• Regression: When the target is a number. For example, the price of a house.

The next figure illustrates the basic framework of supervised learning:

A diagram showing how to use historical data to learn a predictor.
General diagram of machine learning for predicting the price of a house.

How machine learning works?

There are many machine learning algorithms, such as support vector machines (SVM), logistic regression, linear regression, neural networks, etc. Roughly speaking,we can reduce most of the algorithms as solving an equation. This equation relates the target to the features. For example, when we want to predict the price of a house:

Price = alpha_0 + alpha_1*area + alpha_2*rooms + alpha_3*neighbourhood
Equation to predict the price of the house given 3 features

The learning task is then to find the numbers α,  that makes ‘the best’ prediction. Different algorithms might have slightly different equations, but in general they all work in this way.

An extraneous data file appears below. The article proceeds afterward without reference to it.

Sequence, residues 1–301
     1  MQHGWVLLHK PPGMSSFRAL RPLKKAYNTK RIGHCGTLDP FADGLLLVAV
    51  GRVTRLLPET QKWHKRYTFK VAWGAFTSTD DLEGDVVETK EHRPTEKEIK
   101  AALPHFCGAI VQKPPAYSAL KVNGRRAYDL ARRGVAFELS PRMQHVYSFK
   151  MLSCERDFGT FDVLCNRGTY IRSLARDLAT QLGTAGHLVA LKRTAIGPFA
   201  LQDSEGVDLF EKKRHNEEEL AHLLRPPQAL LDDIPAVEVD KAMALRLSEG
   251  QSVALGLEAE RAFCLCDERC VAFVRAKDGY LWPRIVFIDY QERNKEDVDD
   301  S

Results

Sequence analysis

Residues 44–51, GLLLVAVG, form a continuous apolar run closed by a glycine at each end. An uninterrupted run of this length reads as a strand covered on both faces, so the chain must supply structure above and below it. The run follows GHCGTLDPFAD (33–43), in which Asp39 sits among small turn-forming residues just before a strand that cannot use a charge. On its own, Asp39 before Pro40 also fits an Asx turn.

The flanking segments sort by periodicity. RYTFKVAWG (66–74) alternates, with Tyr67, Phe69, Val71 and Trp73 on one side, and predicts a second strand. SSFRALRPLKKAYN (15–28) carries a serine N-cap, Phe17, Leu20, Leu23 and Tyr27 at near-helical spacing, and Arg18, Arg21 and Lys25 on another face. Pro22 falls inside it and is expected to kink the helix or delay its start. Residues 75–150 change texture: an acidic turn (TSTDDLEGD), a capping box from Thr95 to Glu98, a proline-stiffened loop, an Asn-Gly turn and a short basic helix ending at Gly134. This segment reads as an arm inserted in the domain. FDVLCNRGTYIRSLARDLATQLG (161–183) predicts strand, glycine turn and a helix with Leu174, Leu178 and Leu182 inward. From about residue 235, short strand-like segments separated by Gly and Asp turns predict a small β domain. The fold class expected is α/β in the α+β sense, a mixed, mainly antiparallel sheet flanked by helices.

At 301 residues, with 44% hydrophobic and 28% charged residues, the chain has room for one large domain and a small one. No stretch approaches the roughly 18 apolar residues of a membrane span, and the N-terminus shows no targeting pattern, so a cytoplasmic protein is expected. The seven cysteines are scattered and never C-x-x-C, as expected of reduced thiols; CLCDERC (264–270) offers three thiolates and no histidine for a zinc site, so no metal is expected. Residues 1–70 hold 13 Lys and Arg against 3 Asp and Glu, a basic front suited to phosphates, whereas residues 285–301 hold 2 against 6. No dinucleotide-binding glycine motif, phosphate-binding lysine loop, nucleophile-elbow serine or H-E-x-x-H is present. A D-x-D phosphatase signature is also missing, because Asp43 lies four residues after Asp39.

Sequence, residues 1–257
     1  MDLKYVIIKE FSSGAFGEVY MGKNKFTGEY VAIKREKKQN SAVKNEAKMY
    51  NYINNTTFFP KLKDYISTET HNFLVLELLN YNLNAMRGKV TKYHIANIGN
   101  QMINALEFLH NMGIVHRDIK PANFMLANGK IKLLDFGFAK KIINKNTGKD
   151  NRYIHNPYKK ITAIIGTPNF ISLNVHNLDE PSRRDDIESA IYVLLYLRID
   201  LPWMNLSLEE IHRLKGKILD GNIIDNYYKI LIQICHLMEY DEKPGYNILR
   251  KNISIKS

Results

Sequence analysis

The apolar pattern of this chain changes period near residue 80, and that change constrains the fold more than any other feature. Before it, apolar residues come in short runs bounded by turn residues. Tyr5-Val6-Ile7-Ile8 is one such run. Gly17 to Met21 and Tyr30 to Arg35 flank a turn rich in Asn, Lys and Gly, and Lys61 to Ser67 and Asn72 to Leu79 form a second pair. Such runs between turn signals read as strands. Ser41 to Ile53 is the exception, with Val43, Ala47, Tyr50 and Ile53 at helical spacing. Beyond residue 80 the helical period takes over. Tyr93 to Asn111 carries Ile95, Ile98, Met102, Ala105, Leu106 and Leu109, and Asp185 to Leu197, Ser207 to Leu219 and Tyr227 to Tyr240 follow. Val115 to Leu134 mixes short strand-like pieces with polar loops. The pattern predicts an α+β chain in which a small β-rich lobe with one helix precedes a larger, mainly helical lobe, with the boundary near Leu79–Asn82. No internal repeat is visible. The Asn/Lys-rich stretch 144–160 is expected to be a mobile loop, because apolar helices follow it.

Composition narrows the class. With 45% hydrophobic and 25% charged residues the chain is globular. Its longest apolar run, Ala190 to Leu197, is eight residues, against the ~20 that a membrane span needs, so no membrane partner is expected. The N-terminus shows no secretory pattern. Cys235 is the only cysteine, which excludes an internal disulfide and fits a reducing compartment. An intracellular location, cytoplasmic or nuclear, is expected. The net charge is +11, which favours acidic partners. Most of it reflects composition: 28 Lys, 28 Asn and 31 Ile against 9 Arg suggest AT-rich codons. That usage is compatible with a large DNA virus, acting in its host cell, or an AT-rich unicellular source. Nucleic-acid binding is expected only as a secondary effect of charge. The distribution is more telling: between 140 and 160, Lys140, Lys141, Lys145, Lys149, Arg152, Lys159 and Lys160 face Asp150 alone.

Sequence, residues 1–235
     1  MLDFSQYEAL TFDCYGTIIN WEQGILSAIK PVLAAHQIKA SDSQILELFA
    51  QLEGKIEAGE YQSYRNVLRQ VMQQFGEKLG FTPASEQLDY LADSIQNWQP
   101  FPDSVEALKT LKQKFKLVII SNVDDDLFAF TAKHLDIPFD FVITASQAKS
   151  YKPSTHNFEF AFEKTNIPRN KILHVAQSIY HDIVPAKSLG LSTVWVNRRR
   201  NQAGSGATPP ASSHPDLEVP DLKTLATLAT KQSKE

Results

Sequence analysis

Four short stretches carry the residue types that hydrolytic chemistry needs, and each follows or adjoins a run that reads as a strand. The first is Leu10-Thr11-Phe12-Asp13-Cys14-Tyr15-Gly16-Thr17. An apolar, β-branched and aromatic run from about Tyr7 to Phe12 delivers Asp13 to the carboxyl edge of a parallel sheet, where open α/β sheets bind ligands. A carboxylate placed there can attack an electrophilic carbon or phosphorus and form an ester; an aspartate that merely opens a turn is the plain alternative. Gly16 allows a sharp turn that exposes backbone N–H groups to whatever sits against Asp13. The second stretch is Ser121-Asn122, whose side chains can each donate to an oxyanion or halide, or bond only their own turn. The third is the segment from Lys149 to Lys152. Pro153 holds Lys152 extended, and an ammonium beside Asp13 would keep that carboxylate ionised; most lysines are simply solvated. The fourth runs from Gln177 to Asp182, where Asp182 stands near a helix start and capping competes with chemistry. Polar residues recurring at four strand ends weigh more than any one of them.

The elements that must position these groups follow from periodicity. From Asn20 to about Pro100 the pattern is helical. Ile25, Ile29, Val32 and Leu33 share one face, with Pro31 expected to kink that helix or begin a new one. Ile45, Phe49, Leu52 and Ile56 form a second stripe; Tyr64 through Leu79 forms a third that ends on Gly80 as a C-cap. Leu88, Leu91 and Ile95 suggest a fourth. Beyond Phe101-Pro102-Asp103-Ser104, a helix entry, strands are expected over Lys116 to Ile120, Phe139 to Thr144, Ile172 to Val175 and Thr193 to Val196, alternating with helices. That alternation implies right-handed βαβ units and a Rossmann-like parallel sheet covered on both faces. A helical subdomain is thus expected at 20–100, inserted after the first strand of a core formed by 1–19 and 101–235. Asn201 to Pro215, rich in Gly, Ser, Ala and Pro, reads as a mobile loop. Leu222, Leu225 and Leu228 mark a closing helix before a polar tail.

Usually, a machine learning algorithm will start with random guesses of the values of α. Then, as it analyzes the data, it will modify the α’s to make ‘better predictions’. Of course, we need to define what we mean by ‘better’.

Besides the previous equation, known as the model, we need to define a cost function. This cost function guides the search of the parameters α. In general, the algorithm will try to find the values α that make the cost function as low as possible. In our example of house price prediction, we can choose a cost function the penalizes large discrepancies between our predicted price and the real price of the house. One possible cost function is: